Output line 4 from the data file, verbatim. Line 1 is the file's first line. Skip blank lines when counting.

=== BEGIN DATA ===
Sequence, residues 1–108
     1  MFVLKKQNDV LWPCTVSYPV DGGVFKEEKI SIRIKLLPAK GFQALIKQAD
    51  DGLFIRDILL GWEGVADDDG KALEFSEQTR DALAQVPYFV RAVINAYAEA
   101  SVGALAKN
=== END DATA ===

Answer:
   101  SVGALAKN